Date of Award

Spring 2007

Document Type

Dissertation - Restricted

Degree Name

Doctor of Philosophy (PhD)



First Advisor

Burant, Theresa J.

Second Advisor

Pink, William T.

Third Advisor

Quade, Stephanie L.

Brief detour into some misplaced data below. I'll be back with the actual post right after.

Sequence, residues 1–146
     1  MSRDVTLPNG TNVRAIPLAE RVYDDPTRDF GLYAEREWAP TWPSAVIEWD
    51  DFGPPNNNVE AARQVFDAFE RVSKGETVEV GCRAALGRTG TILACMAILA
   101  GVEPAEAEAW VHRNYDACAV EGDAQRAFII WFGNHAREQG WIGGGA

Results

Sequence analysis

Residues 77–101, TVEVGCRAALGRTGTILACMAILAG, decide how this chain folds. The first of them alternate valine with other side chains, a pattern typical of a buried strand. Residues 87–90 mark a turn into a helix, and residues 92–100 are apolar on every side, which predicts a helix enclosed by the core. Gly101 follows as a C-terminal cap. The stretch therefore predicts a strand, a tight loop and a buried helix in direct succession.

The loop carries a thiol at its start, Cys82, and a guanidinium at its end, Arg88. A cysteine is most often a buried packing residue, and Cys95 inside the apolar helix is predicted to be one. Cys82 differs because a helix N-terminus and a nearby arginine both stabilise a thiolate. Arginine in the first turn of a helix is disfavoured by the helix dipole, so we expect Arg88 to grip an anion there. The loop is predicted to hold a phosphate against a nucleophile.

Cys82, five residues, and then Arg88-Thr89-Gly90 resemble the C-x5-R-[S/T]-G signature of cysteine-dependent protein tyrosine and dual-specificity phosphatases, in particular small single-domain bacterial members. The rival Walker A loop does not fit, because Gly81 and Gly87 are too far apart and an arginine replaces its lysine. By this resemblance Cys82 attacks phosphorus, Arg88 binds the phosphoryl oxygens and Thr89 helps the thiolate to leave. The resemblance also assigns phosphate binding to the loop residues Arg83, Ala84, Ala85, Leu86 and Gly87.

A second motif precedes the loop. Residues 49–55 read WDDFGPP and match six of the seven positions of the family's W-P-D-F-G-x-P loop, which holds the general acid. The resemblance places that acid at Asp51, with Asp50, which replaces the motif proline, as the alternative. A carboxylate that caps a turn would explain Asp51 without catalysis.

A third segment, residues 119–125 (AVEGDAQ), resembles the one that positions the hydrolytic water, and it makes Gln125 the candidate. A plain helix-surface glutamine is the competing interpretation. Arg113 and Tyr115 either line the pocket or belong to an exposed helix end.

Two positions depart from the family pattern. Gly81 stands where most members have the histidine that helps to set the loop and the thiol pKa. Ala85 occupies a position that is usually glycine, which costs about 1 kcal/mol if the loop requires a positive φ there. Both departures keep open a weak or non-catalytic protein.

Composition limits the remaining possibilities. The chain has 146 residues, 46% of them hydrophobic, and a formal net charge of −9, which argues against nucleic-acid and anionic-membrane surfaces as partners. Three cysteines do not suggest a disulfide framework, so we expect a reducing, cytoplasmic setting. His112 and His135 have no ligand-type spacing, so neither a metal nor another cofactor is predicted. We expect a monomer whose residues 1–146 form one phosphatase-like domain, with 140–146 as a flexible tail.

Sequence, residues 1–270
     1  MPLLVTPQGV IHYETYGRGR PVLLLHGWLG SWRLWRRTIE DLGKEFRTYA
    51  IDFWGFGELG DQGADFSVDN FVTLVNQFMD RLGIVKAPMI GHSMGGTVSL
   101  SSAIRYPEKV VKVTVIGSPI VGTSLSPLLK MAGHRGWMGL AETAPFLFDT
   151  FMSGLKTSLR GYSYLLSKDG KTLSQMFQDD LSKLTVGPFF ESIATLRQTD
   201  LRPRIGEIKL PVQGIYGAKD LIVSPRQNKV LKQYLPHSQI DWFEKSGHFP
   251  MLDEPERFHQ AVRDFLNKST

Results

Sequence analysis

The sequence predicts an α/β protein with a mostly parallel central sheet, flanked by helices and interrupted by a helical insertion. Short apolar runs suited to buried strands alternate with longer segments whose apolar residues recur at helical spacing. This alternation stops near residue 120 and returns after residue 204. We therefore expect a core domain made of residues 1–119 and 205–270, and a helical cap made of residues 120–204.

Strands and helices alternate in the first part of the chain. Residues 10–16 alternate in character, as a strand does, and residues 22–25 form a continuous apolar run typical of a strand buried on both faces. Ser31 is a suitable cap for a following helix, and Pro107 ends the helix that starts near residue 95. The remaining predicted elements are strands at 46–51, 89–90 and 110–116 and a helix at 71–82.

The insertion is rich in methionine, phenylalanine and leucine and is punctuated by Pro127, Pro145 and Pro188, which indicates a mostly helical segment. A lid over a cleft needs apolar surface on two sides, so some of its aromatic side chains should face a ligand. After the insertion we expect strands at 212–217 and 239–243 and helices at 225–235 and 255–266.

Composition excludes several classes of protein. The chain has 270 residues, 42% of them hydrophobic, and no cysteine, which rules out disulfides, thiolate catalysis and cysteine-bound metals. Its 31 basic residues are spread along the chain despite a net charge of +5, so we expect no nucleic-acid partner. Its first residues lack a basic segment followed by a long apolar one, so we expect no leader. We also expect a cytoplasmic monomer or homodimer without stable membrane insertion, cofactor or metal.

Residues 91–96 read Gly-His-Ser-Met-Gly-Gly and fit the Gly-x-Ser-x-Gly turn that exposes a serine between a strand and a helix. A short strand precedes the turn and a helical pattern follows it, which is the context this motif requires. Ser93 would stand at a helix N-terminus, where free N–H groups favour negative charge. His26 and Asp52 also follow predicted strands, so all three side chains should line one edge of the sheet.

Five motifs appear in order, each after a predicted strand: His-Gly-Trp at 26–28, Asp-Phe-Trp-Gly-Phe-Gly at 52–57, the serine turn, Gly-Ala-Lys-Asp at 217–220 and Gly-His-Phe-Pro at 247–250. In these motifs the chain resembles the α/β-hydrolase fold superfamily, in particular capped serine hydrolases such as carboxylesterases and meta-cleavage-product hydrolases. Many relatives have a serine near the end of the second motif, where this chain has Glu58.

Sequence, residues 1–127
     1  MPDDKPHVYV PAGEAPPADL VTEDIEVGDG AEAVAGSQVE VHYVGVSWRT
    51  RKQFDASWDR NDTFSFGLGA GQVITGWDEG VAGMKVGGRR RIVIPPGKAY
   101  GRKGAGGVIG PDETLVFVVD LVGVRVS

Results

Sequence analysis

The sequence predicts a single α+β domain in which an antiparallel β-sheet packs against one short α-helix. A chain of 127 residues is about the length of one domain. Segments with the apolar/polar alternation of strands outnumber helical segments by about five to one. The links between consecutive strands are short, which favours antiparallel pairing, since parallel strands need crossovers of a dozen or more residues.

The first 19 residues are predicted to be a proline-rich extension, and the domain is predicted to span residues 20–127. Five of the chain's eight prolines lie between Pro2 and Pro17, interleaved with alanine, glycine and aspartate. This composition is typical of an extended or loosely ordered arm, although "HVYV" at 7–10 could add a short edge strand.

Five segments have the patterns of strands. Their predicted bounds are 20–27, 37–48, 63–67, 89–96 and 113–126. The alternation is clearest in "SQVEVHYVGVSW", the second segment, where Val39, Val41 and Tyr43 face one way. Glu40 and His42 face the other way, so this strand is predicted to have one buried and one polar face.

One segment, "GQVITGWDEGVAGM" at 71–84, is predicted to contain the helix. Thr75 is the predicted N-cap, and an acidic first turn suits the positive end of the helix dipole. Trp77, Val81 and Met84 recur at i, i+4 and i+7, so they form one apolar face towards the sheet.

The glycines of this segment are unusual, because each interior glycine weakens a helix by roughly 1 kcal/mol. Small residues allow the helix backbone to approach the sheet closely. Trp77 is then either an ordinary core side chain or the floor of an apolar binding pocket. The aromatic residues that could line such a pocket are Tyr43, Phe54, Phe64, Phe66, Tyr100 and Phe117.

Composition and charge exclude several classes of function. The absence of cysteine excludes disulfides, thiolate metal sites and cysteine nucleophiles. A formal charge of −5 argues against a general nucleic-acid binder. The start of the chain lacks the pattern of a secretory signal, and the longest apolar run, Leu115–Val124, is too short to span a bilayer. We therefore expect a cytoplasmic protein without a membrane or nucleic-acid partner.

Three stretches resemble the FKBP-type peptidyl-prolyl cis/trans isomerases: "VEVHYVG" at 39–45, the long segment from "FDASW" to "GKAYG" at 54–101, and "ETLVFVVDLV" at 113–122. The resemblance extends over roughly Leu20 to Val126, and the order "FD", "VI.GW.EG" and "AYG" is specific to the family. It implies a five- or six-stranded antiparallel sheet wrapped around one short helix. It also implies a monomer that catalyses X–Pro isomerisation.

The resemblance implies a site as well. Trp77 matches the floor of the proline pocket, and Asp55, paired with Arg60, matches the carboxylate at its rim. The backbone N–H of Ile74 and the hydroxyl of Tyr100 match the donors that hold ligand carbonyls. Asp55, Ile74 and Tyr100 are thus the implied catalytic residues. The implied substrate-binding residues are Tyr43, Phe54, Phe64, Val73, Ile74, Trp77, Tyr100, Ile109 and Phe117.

Service-learning and community service have become increasingly common pedagogical tools in creating opportunities for college students to engage meaningfully with the world and apply knowledge and skills acquired in the classroom to "real life" settings. Many educators have advocated these practices as transformative experiences that will encourage college students to reflect critically on the world and their experience within it. In their important work on service-learning as a pedagogy for transformation, Eyler and Giles (1999) assert their belief that "community experiences that challenge student assumptions coupled with thoughtful reflection may lead to fundamental changes in the way the student views service or society" (p. 17). Advocates of service-learning and social justice believe that in a society like the United States, where inequality is found in the history and traditions that have been difficult to leave behind, the level of sustained commitment required to achieve equality and justice will likely require a citizenry that is able to engage in conversations on racial, economic, and gender equality at a level deeper than mere intellectual curiosity. As Rev. Peter-Hans Kolvenbach, SJ., Superior General of the Society of Jesus, stated when speaking on the promotion of justice in Jesuit higher education, "when the heart is touched by direct experience, the mind may be challenged to change. Personal involvement with innocent suffering, with the injustice others suffer, is the catalyst for solidarity which then gives rise to intellectual inquiry and moral reflection" (2000, 41).



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